12. Thurston, H., 1912, "The Holy Shroud (of Turin)," The Catholic Encyclopedia, New Advent, 2020. [return]
13. Donandoni, E., 2016, "5 minutes with ... The earliest painted representation of the Turin Shroud," Christie's, 7 June. [return]
14. Ibid. [return]
15. Extract from Latendresse, M., 2010, "Shroud Scope: Durante 2002: Horizontal: Major bloodstains overlay.," Sindonology.org. [return]
16. Wilson, I., 1986, "The Evidence of the Shroud," Guild Publishing: London, p.96; Petrosillo & Marinelli, 1996, p.210; Baima-Bollone, P. & Zaca, S., 1998, "The Shroud Under the Microscope: Forensic Examination," Neame, A., transl., St Pauls: London, pp.22-23; Garza-Valdes, L.A., 1998, "The DNA of God?," Hodder & Stoughton: London, pp.38-39; Iannone, J.C., 1998, "The Mystery of the Shroud of Turin: New Scientific Evidence," St Pauls: Staten Island NY, p.67; Wilson, I., 1998, "The Blood and the Shroud: New Evidence that the World's Most Sacred Relic is Real," Simon & Schuster: New York NY, p.89; Antonacci, M., 2000, "Resurrection of the Shroud: New Scientific, Medical, and Archeological Evidence," M. Evans & Co: New York NY, p.28; Wilson, I. & Schwortz, B., 2000, "The Turin Shroud: The Illustrated Evidence," Michael O'Mara Books: London, p.76; Guerrera, V., 2001, "The Shroud of Turin: A Case for Authenticity," TAN: Rockford IL, p.49; Oxley, 2010, p.8. [return]
17. Wilson, 1998, p.89; Antonacci, M., 2000, "Resurrection of the Shroud: New Scientific, Medical, and Archeological Evidence," M. Evans & Co: New York NY, p.28; Guerrera, V., 2001, "The Shroud of Turin: A Case for Authenticity," TAN: Rockford IL, p.49; Oxley, 2010, p.8. [return]
18. Adler, A.D., 2000c, "Chemical and Physical Aspects of the Sindonic Images," in Adler, A.D. & Crispino, D., ed., 2002, "The Orphaned Manuscript: A Gathering of Publications on the Shroud of Turin," Effatà Editrice: Cantalupa, Italy, pp.10-27, 21. [return]
19. Antonacci, 2000, p.28; Wilson. & Schwortz, 2000, p.76. [return]
20. Iannone, 1998, p.66; Antonacci, 2000, p.28. [return]
21. Iannone, 1998, pp.67-68; Antonacci, 2000, p.28; Wilson. & Schwortz, 2000, p.77. [return]
22. Iannone, 1998, p.66; Antonacci, 2000, pp.27-28. [return]
23. Rodante, S., 1981, "The Coronation of Thorns in the Light of the Shroud," Shroud Spectrum International, No. 1, December, pp.4-24; Wilson, I., 1986, "The Evidence of the Shroud," Guild Publishing: London, p.20; Borkan, M., 1995, "Ecce Homo?: Science and the Authenticity of the Turin Shroud," Vertices, Duke University, Vol. X, No. 2, Winter, pp.18-51, 26; Iannone, 1998, pp.66-67; Wilson, 1998, pp.33-34; Antonacci, 2000, pp.25-26; Wilson. & Schwortz, 2000, pp.57-58; Tribbe, F.C., 2006, "Portrait of Jesus: The Illustrated Story of the Shroud of Turin," [1983], Paragon House Publishers: St. Paul MN, Second edition, p.99. [return]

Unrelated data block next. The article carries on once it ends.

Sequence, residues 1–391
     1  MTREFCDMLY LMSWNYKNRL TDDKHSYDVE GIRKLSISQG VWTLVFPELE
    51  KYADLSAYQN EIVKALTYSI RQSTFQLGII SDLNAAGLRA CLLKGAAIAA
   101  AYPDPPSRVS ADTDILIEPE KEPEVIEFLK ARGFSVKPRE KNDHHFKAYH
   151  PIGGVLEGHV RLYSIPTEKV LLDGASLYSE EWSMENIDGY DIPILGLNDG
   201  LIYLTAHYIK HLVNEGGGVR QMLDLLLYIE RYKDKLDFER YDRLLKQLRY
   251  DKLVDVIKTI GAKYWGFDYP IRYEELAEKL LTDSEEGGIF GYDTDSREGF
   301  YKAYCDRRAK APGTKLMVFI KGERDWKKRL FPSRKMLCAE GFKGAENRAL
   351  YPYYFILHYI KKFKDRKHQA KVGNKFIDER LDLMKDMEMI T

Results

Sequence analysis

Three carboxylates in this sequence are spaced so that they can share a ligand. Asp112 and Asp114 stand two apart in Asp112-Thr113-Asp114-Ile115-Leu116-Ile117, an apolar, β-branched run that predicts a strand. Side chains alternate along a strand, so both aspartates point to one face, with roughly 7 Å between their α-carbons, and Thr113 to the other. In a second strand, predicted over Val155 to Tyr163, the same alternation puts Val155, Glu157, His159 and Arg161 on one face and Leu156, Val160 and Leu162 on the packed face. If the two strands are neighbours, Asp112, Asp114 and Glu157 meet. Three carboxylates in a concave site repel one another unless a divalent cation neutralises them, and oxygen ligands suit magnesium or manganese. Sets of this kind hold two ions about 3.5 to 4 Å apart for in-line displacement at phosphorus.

24. Antonacci, 2000, p.29; Heller, J.H. & Adler, A.D., 1981, "A Chemical Investigation of the Shroud of Turin," in Adler & Crispino, 2002, pp.34-57, 39. [return]
25. Adler, A.D., 1986, "The Origin and Nature of Blood on the Turin Shroud," in Adler & Crispino, 2002, pp.59-66, 61; de Wesselow, T., 2012, "The Sign: The Shroud of Turin and the Secret of the Resurrection," Viking: London, p.105. [return]
26. Adler, 1986, p.61; Adler, A.D., 2000b, "Chemical and Physical Characteristics of the Bloodstains," in Adler & Crispino, 2002, pp.129-138, 129; Adler, 2000c, p.21; Antonacci, 2000, p.29; Guerrera, 2001, p.64; de Wesselow, 2012, p.105. [return]
27. Adler, 1986, p.61; Adler, 2000b, p.135; Adler, 2000c, p.21; Antonacci, 2000, p.29. [return]
28. Adler, 1986, p.61; Adler, 2000c, p.21; Antonacci, 2000, p.29; de Wesselow, 2012, p.105. [return]
29. Adler, 1986, p.61; Adler, 2000c, p.21; Antonacci, 2000, p.29; de Wesselow, 2012, p.105. [return]
30. "Straw man," Wikipedia, 9 August 2020. [return]
31. Oxley, 2010, pp.213-214. [return].
32. Adler, A.D. & Schwalbe, L.A., 1993, "Conservation of the Shroud of Turin," in Adler & Crispino, 2002, pp.73-80, 75 (footnotes omitted). [return]
33. "Vermilion: Chemistry and manufacture," Wikipedia, 27 June 2020 (footnotes omitted). [return]
34. Heller, J.H., 1983, "Report on the Shroud of Turin," Houghton Mifflin Co: Boston MA, pp.215-216. [return]
35. Heller, 1983, pp.188-189. [return]
36. McCrone, W.C., 1999, "Judgment Day for the Shroud of Turin," Prometheus Books: Amherst NY, p.136. [return]
37. Heller & Adler, 1981, p.48. [return]
38. Brent, P. & Rolfe, D., 1978, "The Silent Witness: The Mysteries of the Turin Shroud Revealed," Futura Publications: London, p.74; Antonacci, 2000, pp.98-99; de Wesselow, 2012, p.109. [return]